Inter-correlations among the three dimensions of the ALS-18 were high (r ≥ 0.83), and despite also other studies reported strong intercorrelations among latent factors (Amstadter, 2008; Look et al., 2010), our figures are higher than those reported in those studies. These data could indicate non-satisfactory discriminant validity of subdimensions scores (Look et al., 2010). The three dimensions and the general factor all had adequate internal consistency.
ALS-18 subdimensions and total score were not associated with sex or age. In the past only Harvey et al. (1989) have investigated this topic for the 54-item ALS and reported sex differences for the depression scale only, suggesting a possible tendency for men to experience depression as a more transient and changeable phenomenon than do women. Conversely, the ALS-18 subdimensions and the general factor were all significantly associated with concurrent measures of depression and difficulties in emotion regulation. Our results are partially discordant from findings of previous studies. For example, Oliver and Simons (2004), in a non-clinical sample of university students, reported significant but negative correlations between the ALS-18 and the Center for Epidemiologic Studies-Depression Scale (r between -0.33 for Ang and -0.47 for AD). Conversely in our sample, the correlations were all significant and positive. Unfortunately, Oliver and Simons (2004) did not comment this result in their article. Nevertheless, Weibel et al. (2017), who administered a short version of the Beck Depression Inventory (BDI), reported an r of 0.34 (p < 0.05) between the ALS-18 total score and the BDI. The positive association between depression and affect lability possibly indicates that people with higher lability could experience phases of depression, despite the two constructs are only moderately correlated and both depression and affect lability should be assessed independently (Weibel et al., 2017). The results could also be seen as supportive of the concept of “soft bipolars spectrum” (Akiskal and Mallya, 1987). In fact, several patients who receive a diagnosis of major depression (MDD) have subthreshold symptoms of bipolarity, which includes biphasic mood swings and cyclothymic traits. These patients differ from pure MDD patients and patients with bipolar disorder for their temperamental profile and for clinical variables (Innamorati et al., 2015). Innamorati et al. (2015), investigating the role of cyclothymic temperament in characterizing mood disorder patients, evidenced that around 39% of inpatients with unipolar depression could be included in the soft bipolar spectrum according to their affective temperament. These patients seem to differ from patients with pure major mood disorders for levels of hopelessness and suicide risk.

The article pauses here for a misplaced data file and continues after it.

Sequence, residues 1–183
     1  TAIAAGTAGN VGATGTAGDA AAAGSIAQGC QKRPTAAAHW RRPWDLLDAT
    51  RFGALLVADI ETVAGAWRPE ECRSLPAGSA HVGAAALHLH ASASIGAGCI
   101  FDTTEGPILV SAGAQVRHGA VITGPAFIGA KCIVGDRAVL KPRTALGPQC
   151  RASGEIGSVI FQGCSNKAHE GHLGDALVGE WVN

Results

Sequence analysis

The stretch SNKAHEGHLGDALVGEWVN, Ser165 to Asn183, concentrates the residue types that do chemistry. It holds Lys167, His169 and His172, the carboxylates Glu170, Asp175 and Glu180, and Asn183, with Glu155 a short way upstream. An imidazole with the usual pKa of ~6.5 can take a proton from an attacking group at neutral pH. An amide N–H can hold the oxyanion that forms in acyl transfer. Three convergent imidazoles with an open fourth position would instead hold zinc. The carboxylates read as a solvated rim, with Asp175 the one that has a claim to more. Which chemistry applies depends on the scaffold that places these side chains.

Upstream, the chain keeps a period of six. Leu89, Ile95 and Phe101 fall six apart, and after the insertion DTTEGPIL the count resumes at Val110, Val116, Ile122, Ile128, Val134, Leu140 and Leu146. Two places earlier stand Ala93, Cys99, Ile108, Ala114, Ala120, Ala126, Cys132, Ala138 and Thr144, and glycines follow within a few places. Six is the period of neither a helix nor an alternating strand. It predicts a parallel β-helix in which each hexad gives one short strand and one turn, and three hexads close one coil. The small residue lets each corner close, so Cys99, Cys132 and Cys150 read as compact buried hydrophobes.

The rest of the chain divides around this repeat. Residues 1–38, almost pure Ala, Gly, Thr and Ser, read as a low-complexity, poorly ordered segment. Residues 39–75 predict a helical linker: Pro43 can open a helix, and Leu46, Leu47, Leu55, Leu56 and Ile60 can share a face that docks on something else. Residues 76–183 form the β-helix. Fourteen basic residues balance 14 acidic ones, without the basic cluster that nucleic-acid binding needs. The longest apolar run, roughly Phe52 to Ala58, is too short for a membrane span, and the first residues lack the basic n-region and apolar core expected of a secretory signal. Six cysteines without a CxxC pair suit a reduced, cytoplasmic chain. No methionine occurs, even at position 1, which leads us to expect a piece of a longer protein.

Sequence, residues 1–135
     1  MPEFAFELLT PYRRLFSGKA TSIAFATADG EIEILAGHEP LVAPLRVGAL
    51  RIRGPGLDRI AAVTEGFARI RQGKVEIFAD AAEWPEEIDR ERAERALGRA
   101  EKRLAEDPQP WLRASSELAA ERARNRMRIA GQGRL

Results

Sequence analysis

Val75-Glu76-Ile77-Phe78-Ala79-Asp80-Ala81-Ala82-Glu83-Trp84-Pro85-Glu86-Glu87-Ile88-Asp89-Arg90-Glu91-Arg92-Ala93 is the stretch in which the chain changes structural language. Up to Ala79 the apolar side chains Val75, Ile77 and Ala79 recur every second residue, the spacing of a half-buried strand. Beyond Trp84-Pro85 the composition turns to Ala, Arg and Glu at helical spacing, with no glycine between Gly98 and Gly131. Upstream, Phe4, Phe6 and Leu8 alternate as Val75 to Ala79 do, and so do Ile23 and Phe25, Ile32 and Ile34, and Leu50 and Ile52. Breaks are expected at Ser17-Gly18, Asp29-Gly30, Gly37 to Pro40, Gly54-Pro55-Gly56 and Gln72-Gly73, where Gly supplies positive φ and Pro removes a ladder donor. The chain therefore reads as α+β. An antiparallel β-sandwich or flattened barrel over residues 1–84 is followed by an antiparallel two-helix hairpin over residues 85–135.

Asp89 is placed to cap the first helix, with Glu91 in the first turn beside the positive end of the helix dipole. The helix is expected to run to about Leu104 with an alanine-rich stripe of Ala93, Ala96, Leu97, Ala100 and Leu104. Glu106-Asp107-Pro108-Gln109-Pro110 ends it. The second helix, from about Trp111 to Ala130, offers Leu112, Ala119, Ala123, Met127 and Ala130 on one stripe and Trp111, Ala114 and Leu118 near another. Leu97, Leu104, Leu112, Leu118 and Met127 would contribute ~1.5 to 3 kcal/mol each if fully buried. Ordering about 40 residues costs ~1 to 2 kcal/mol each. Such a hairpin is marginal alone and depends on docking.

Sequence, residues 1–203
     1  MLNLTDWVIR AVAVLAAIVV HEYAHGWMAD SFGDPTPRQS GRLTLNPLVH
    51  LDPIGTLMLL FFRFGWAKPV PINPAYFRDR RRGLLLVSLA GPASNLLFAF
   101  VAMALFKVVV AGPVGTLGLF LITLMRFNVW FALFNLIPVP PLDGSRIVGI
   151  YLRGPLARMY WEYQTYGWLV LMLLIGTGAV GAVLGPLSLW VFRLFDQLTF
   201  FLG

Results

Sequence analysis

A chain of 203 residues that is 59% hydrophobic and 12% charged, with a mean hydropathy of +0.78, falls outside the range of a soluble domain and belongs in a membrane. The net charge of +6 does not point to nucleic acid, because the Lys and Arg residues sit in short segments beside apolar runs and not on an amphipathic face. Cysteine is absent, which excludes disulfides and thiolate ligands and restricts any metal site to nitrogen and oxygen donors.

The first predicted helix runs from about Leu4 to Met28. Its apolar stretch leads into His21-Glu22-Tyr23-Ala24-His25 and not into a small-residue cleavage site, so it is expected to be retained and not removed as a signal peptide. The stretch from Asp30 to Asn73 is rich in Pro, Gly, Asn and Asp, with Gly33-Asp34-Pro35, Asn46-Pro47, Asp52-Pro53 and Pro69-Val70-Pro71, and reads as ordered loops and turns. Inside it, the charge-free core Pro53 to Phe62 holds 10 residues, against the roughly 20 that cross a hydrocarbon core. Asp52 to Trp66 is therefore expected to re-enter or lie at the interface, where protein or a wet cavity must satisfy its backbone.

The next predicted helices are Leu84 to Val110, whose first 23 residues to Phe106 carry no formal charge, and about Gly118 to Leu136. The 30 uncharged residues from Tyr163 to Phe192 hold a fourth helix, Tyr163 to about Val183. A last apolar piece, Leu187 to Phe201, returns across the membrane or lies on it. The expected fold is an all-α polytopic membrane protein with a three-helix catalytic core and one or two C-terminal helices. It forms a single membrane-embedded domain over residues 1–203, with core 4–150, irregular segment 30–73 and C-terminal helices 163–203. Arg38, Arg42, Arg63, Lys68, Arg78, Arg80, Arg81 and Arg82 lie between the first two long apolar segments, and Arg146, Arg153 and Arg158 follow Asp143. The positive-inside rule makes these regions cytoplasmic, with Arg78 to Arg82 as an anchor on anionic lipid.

Correlations with the DERS were also generally moderate (r ≥ 0.4) with the exclusion of the dimension Awareness of the DERS whose correlations with the ALS-18 were weak (r between 0.10 and 0.16). This means that also the relationship between affect lability and difficulties in emotion regulation could be complex with a partial independence of these two constructs.
Our results must be considered in light of some issues referred to the design of the study. First, in our sample there was a disproportion of female participants compared to males probably associated with the recruitment of university students from the authors’ university communities. This bias also prevented us from assessing structural invariance of the questionnaire between sex. Second, our results are based on a general community sample of adults, composed mostly of young adults, which limits the generalizability of these findings to clinical conditions or older adults. Third, we administered only self-report measures potentially affected by social desirability. In conclusion, this may considered only a first necessary step in the process of the cross-cultural validation of the ALS-18.
Our results indicate that the Italian version of the ALS-18 can produce valid and reliable assessments of affect lability. Additional studies are needed from clinical samples or samples of older adults with further psychometric assessments of reliability and measurement errors to draw clear recommendations for clinical practice use and research.
All procedures performed in studies involving human participants were in accordance with the ethical standards of the institutional and/or national research committee and with the 1964 Helsinki declaration and its later amendments or comparable ethical standards.
AC was involved in the study conception and design, acquisition, analysis and interpretation of data, and drafting of the manuscript. CI was involved in the study conception and design, interpretation of data, and the critical revision of the manuscript, provided final approval of the version to be published. IA was involved in the acquisition of data, interpretation of data, and the critical revision of the manuscript. MB was involved in the study conception and design and the analysis and interpretation of data. MI was involved in the study conception and design, acquisition of data, analysis and interpretation of data, and drafting of the manuscript, and provided final approval of the version to be published.
Conflict of Interest Statement
The authors declare that the research was conducted in the absence of any commercial or financial relationships that could be construed as a potential conflict of interest.
The reviewer EP and handling Editor declared their shared affiliation.
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Keywords: affect lability, emotion dysregulation, Affective Lability Scales (ALS-18), psychometric properties of ALS-18, validity and reliability of ALS-18
Citation: Contardi A, Imperatori C, Amati I, Balsamo M and Innamorati M (2018) Assessment of Affect Lability: Psychometric Properties of the ALS-18. Front. Psychol. 9:427. doi: 10.3389/fpsyg.2018.00427
Received: 02 February 2018; Accepted: 14 March 2018;
Published: 29 March 2018.
Edited by:Pietro Cipresso, Istituto Auxologico Italiano (IRCCS), Italy
Reviewed by:Dejan Stevanovic, Clinic for Neurology and Psychiatry for Children and Youth, Serbia
Marco Lauriola, Sapienza Università di Roma, Italy
Elisa Pedroli, Istituto Auxologico Italiano (IRCCS), Italy
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*Correspondence: Anna Contardi, firstname.lastname@example.org